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The Treaty of July 3, 1868 (U.S.-Shoshone Tribe of Indians), though made with knowledge that there were mineral deposits and standing timber in the reservation, contains nothing to suggest that the United States intended to retain for itself any beneficial interest in them. The words of the grant, coupled with the Government's agreement to exclude strangers, negative the idea that the United States retained beneficial ownership. The grant of right to members of the tribe severally to select and hold tracts on which to establish homes for themselves and families, and the restraint upon cession of land held in common or individually, suggest beneficial ownership in the tribe. As transactions between a guardian and his wards are to be construed favorably to the latter, doubts, if there were any, as to ownership of lands, minerals or timber would be resolved in favor of the tribe. Although the United States retained the fee, and the tribe's right of occupancy was incapable of alienation or of being held otherwise than in common, that right is as sacred and as securely safeguarded as is fee simple absolute title. Subject to the conditions imposed by the Treaty, the tribe had the right that has always been understood to belong to Indians, undisturbed possessors of the soil from time immemorial.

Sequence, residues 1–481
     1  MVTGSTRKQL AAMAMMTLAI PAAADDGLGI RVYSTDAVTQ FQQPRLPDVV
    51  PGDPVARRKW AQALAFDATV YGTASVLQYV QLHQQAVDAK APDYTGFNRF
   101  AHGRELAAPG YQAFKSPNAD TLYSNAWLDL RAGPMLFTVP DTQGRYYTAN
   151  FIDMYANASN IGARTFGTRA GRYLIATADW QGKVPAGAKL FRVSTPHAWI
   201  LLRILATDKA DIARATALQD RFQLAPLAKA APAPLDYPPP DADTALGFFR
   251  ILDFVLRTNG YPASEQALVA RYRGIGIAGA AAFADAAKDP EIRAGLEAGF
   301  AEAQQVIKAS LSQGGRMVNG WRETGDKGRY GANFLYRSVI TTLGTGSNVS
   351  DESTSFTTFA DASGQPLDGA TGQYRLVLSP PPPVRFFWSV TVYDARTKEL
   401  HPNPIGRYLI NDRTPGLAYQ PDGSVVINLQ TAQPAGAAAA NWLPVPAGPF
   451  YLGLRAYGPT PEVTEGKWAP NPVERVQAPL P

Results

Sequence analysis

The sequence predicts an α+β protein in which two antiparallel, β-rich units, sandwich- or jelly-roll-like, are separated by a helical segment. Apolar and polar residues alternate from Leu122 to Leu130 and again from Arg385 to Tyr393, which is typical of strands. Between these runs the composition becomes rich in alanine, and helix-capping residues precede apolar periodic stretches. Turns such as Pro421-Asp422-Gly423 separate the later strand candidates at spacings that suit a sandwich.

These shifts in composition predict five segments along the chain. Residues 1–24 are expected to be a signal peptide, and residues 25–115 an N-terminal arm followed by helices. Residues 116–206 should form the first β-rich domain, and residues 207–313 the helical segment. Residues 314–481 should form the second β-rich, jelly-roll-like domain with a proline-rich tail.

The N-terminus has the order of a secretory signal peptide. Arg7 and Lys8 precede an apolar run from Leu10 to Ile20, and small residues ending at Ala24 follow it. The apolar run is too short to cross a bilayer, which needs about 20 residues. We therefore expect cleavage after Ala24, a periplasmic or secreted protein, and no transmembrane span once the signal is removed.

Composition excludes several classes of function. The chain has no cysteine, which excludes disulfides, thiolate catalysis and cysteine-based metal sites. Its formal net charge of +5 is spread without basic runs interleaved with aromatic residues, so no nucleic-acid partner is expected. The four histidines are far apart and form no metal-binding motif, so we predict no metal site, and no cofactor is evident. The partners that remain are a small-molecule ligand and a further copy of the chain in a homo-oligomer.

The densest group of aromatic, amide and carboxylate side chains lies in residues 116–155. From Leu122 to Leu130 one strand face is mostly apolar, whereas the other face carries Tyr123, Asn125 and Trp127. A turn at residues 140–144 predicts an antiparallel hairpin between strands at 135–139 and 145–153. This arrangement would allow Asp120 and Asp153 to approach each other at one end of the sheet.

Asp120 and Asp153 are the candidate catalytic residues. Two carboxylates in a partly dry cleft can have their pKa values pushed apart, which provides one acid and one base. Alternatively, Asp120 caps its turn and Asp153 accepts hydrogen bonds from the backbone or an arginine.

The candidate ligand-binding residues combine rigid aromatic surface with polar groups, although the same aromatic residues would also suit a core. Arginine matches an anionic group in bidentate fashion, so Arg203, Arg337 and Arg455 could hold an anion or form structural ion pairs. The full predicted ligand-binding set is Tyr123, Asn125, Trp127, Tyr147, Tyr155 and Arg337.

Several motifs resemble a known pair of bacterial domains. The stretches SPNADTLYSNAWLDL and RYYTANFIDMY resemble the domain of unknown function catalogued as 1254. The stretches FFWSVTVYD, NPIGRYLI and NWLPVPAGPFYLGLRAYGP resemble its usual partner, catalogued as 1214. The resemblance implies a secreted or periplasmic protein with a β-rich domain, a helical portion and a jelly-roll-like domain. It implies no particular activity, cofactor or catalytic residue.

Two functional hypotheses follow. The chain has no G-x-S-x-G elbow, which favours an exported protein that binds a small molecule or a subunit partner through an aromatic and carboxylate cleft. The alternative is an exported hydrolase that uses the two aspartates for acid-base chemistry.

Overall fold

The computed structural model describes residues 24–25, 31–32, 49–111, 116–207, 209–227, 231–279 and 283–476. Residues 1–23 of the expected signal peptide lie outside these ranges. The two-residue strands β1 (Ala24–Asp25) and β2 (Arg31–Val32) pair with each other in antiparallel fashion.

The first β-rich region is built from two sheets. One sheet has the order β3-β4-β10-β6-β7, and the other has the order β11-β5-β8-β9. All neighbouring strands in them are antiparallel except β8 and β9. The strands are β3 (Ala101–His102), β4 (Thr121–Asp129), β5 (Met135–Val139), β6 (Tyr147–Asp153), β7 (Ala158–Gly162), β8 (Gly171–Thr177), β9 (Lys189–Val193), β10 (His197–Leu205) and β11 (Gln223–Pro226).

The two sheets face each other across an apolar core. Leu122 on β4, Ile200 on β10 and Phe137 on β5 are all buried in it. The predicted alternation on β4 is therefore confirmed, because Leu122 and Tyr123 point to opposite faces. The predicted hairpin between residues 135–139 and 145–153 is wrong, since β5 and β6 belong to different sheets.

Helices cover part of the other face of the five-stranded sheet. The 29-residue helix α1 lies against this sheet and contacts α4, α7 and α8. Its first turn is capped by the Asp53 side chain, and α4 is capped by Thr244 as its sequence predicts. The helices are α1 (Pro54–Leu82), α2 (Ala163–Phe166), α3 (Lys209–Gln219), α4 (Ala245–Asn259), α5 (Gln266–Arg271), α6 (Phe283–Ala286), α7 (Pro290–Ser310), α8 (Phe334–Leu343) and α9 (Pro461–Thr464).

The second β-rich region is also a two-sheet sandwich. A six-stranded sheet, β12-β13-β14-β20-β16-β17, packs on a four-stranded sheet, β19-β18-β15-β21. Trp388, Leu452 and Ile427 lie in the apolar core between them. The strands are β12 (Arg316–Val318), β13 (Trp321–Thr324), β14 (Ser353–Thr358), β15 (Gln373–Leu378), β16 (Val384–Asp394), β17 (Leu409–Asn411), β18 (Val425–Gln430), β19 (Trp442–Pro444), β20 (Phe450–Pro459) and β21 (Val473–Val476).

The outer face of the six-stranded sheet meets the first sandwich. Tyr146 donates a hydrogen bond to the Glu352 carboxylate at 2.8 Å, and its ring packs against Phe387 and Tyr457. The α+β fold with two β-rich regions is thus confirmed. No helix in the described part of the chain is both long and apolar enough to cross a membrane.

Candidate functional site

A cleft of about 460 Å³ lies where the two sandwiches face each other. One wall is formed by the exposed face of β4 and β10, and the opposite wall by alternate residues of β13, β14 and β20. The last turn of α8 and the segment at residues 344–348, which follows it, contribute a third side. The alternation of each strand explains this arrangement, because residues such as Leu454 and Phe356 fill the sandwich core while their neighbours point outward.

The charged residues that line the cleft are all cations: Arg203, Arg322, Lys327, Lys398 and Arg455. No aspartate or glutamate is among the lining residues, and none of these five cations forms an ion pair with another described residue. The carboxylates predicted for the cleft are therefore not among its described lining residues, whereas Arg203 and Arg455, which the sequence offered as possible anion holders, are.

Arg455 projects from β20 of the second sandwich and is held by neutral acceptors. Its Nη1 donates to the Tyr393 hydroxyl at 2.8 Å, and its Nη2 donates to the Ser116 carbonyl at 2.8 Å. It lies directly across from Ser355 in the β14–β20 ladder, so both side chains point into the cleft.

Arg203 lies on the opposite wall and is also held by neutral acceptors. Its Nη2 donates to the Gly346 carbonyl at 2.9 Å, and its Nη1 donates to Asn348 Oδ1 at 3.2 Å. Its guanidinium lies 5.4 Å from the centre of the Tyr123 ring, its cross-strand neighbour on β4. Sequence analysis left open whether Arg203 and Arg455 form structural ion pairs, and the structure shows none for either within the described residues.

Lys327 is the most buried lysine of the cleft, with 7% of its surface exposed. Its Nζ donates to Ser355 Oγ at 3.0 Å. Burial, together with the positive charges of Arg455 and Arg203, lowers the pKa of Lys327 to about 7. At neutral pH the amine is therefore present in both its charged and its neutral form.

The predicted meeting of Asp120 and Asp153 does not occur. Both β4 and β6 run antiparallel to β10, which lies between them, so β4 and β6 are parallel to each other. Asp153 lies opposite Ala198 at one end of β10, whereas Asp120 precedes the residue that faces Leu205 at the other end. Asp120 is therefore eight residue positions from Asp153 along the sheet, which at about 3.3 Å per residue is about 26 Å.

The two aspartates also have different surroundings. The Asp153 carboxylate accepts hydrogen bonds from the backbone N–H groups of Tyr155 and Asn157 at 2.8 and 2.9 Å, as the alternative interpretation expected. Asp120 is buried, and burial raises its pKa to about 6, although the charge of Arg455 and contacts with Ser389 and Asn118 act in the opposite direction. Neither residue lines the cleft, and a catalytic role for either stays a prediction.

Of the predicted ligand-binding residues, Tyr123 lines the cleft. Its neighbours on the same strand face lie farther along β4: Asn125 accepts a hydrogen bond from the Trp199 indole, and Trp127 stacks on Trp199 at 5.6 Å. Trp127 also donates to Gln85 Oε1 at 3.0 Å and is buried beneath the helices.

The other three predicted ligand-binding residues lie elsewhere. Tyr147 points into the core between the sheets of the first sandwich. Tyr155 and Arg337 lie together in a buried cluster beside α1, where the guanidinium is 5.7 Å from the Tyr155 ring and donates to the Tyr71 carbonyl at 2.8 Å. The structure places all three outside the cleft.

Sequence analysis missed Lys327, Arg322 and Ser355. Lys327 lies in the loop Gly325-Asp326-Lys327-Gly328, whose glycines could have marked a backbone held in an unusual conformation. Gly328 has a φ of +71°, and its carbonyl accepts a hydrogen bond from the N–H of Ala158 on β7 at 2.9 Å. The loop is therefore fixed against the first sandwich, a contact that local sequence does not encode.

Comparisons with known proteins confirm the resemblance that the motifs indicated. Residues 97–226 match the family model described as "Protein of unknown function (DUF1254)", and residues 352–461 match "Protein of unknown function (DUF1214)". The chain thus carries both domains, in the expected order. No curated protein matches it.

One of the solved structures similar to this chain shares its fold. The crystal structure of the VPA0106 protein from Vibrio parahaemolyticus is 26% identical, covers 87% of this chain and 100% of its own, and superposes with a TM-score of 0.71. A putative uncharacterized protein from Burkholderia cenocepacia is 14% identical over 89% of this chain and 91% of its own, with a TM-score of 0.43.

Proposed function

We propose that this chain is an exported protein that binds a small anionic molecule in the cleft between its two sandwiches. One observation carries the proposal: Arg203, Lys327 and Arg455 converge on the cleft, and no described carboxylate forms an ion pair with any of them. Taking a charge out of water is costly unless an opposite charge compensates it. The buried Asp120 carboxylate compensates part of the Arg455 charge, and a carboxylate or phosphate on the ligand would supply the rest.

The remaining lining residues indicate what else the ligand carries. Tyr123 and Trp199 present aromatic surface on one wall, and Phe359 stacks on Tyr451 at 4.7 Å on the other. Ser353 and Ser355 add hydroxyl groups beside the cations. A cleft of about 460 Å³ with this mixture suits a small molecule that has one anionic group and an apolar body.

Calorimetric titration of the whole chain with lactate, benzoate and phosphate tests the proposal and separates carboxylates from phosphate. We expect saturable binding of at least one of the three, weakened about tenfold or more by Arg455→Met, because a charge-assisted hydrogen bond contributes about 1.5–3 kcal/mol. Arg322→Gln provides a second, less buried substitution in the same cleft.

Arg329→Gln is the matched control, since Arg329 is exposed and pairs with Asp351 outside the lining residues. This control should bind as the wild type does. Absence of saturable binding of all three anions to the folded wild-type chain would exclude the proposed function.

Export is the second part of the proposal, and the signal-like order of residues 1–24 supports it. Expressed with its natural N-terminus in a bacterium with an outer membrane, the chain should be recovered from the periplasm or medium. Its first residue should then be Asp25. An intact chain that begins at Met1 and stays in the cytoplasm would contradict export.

By the Treaty of July 3, 1868 (U.S.-Shoshone Tribe of Indians), respondent Indian tribe ceded certain land and accepted other land for a reservation in its place. The Treaty prescribed a certain process for cession of any portion of the reservation. The United States then gave a portion of the lands to the second tribe. The tribe filed a claim for the taking. The court of claims found the taking to have been as of a certain date and ascertained value as of that date. On appeal, the Court held that the court of claims erred as to the date of taking. On remand, the court of claims determined the new value. The United States filed a petition for certiorari, alleging that the court of claims erred in holding that the right of the tribe included the timber and mineral resources.
Did the court of claims err in holding that the right of the tribe included the timber and mineral resources?
On certiorari, the Court held that the United States did not have power to give to others or to appropriate to its own use any part of the land without rendering, or assuming the obligation to pay, just compensation to the tribe. The Treaty, which had to be construed in the tribe's favor, contained nothing to suggest that it intended to retain for itself any beneficial interest in the minerals or timber on the land.